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Resident debate: Student, professor field death threats amid debate on diversity training

Western Carolina University students Katie Sanders and Chris Stirewalt appeared on Fox & Friends First Jan. 10 to express their concerns with the diversity training. Image from Fox News broadcast Western Carolina University students Katie Sanders and Chris Stirewalt appeared on Fox & Friends First Jan. 10 to express their concerns with the diversity training. Image from Fox News broadcast

Since a Western Carolina University student took to national news this month to air her concerns about the school’s gender and racial diversity training for resident assistants, a discussion about inclusivity, tolerance and how to interact with people of differing worldviews has been swirling through the Catamount community. 

Katie Sanders, a junior in health sciences from Franklin, spoke to Fox News after going through the mandatory training required of her as a resident assistant at WCU, and the outlet published a story Jan. 7 that quoted Sanders and another RA anonymously. Then on Jan. 10, Sanders appeared on “Fox and Friends First” with Chris Stirewalt, a senior in marketing who is also coordinator for the campus chapter of Turning Point USA , to go on the record. 

“The training was basically from one point of view,” Sanders told The Smoky Mountain News. “The training claimed that it was providing multiple points of views to RAs, but it wasn’t. It was from strictly one left agenda. I didn’t agree with it. It went against my beliefs as a Christian, and I didn’t think that was fair that we should be mandated to watch something like Rainbow 101.”


RA training 

Rainbow 101 is a one-hour virtual course and was just one of many training sessions RAs are required to take in preparation for their role as frontline student employees. RAs — whose job requires them to live in campus dormitories and provide guidance and help to students living in the dorms — are often the first contact for residents dealing with a variety of issues while living away from home for the first time. Each semester, prospective RAs must go through hours of training, with topics ranging from fire safety to mental health. The diversity and inclusion portion of the training included Rainbow 101 and Stereotypes Intent v. Impact, with an optional Rainbow 201 session. Professional staff from the WCU Office of Intercultural Affairs Office taught these diversity and inclusion sessions.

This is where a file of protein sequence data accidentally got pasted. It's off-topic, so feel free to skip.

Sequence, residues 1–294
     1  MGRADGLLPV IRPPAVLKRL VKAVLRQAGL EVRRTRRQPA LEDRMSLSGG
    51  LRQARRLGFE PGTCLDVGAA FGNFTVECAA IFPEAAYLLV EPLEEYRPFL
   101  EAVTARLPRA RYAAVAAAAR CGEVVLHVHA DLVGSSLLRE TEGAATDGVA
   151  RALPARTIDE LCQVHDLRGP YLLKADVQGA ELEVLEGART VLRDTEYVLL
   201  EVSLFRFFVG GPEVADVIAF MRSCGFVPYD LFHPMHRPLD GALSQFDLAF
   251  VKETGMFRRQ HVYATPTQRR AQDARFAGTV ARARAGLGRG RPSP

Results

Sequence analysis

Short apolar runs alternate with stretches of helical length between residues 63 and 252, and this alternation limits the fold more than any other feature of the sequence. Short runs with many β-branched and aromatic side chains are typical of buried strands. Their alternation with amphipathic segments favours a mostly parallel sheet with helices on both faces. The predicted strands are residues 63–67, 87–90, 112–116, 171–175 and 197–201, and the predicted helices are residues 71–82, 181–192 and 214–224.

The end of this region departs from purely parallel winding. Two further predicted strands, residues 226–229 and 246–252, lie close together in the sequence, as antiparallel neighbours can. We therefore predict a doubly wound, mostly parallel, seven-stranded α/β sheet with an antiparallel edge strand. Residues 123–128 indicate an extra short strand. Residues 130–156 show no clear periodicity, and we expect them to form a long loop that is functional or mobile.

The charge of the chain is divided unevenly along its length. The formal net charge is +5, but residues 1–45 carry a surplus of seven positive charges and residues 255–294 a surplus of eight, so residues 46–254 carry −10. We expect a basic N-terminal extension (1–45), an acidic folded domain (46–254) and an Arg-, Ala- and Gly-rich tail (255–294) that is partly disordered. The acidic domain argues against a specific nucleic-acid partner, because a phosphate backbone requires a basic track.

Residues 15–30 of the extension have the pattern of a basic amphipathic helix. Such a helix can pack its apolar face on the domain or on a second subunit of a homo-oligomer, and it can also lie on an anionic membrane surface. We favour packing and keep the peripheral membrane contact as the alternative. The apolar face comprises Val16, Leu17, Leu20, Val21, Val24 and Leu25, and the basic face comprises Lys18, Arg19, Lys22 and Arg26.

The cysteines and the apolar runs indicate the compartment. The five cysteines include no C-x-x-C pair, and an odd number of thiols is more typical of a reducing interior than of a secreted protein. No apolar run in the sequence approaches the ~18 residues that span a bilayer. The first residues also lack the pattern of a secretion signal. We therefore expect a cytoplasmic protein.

WCU provided a copy of the 15-slide PowerPoint presentation used for the virtual Rainbow 101 course. Stated objectives included increasing self-awareness, knowledge and skills related to the LGBTQ community, gaining exposure to and knowledge of concepts related to gender and sexual identity, learning basic terminology and vocabulary, and receiving practical tips for how to demonstrate respect for members of the LGBTQ community. Students watched two 4-minute videos: a spoken word poetry video titled “Homophobia in 2018: Time for Love” that depicts a young man deciding whether he dares to kiss his boyfriend goodbye before the watchful eyes inhabiting the public park where they’re walking, and then a video titled “Human Sexuality is Complicated”  that discusses the relationship between sex, gender, sexual orientation and sexual behavior. 

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Students were then introduced to “The Gender Unicorn,”  a visual that aims to represent the relationship between sex, gender identity, gender expression, physical attraction and emotional attraction. Subsequent slides cover various terminology, pronoun information and guidelines for respectful interaction with other students. 

Sanders said she was “raised to treat people the same way with kindness and no judgment,” and that Rainbow 101 training or no, “I still am here for my residents” regardless of their identity. However, she said, various aspects of the gender and racial diversity training, including its perspective on gender identity and expression, offended her as a Christian, and she felt like the training format left no room for discussion or disagreement. 


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The Gender Unicorn, a visual aid used during the Rainbow 101 training, has drawn opposing opinions. Trans Student Educational Resources graphic


Student Government Association President Rebecca Hart, meanwhile, said that the training equips RAs with important information to help their residents. 

“It is a marginalized community, and it’s important to kind of understand the identities,” she said. “So that way you can at least a little understand the struggle when they come to you. I also feel like the students are going to be more open to coming to the RAs if they know that they already know a little bit about the community, even if they don’t know everything.”

The 31-slide Stereotypes Intent vs. Impact training, which WCU also provided, aims to teach students the difference between intent and impact, what stereotypes are and how they affect people, and next steps for everyday actions. The training included a “language matters” section that listed purportedly offensive phrases, including “America is a melting pot,” “When I look at you I don’t see race,” and “There is only one race, the human race.”

“I think it upset me because for the diversity and inclusion training, it said we shouldn’t say that we’re all one race, the human race, which that goes against a Christian doctrine for me because we are all one race, and that’s a fundamental aspect of Christianity,” she said.